When patients complain of chronic vaginal discomfort from bacterial or yeast infections, my first response is: “Describe your vaginal hygiene.” 

A surprisingly large proportion of my patients tell me that they douche. Many report at the very least washing not only their labia, but also internally, with soap and water on a daily, if not more frequent, basis.

My first piece of advice to these women is to stop. Leave the vagina alone.

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I always believed that douching was a practice of my mother’s generation. Upon further investigation, I found that many older women have been doing it since they started menstruating. Younger women often tell me that their mothers or grandmothers instructed them to keep clean with vaginal douching after sex or menses.

Certainly there are a variety of causes of vaginal infections: unprotected sex with multiple partners can be a culprit in bacterial vaginosis; antibiotic use or chronically elevated blood sugar can cause vaginal yeast infections. But in my practice, over-cleaning is frequently the cause of recurrent vaginal infections.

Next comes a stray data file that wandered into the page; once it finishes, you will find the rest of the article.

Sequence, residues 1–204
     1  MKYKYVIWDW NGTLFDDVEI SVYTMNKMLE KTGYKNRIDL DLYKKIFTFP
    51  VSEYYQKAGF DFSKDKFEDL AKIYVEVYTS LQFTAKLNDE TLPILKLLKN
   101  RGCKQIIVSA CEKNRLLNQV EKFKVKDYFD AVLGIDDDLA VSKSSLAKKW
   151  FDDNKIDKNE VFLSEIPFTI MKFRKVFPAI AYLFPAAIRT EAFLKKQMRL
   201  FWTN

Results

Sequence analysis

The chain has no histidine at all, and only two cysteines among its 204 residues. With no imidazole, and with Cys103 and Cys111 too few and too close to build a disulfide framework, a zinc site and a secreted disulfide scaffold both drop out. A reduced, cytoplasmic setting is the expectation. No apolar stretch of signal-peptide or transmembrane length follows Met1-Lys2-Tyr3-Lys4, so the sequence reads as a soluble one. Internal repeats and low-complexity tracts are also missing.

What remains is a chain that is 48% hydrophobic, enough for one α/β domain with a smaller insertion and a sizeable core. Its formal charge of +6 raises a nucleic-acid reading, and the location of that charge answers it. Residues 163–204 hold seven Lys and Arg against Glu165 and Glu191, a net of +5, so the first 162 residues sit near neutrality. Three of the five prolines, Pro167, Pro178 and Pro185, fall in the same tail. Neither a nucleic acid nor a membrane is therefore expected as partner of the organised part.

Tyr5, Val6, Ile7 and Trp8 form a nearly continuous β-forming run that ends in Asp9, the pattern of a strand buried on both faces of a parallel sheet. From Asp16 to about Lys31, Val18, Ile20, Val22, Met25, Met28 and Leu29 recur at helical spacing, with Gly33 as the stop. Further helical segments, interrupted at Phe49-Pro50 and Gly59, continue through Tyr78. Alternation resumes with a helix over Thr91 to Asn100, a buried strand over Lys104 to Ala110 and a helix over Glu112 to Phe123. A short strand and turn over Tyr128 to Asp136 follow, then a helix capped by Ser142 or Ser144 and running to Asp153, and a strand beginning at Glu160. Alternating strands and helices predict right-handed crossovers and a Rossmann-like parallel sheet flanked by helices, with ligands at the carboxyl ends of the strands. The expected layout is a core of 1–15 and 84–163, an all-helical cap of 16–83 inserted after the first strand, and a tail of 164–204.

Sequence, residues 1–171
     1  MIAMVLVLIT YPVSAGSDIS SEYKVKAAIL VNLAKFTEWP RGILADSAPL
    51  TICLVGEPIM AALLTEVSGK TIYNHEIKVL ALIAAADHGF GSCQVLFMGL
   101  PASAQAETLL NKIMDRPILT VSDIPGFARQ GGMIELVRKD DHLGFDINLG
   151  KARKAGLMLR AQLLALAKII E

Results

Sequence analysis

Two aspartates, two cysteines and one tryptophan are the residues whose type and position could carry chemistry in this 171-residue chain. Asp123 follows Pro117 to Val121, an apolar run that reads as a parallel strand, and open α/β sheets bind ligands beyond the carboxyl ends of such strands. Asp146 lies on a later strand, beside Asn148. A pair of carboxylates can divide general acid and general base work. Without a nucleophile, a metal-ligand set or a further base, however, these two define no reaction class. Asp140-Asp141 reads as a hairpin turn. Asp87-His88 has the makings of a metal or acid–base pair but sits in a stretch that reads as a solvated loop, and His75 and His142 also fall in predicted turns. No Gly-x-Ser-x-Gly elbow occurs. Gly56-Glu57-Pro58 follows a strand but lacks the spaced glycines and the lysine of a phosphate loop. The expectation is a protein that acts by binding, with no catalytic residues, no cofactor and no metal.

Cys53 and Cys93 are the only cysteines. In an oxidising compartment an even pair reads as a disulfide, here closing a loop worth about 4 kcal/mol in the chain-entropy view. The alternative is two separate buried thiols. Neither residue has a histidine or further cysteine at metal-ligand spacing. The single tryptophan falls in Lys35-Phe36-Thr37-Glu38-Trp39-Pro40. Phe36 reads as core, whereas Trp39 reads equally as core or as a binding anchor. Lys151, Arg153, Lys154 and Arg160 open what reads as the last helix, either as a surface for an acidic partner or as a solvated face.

The vagina is similar to a healthy ecosystem that maintains itself with little attention. The more women use soap or chemicals designed to “clean” or “freshen,” the more we are affecting the pH and delicate balance of good bacteria and yeast that keeps the vagina healthy. Washing the vulva with an unscented plain bar soap is all that is necessary. To put it simply, the vagina is self-cleaning. 

Women often complain that they have a daily discharge that makes them feel unclean. I have patients who wear pads all the time or make frequent office visits concerned that they have some sort of infection.  

These patients need reassurance and education that vaginal discharge that changes in color and consistency throughout the month, but that has no foul odor and does not itch or burn is not only normal, but is a sign of a health and fertility. This is not anything that needs to be washed away. 

Good vaginal hygiene requires little effort. Sleep without underwear. Avoid wearing pads, panty liners, or tampons on a daily basis. Wear cotton underwear and looser fitting pants when possible. Wipe from front to back, which also helps prevent urinary tract infections. Don’t take frequent bubble baths. Practice safe sex. Build the immune system by eating well, getting enough sleep and managing stressors. But most importantly, put down the soaps and the douche!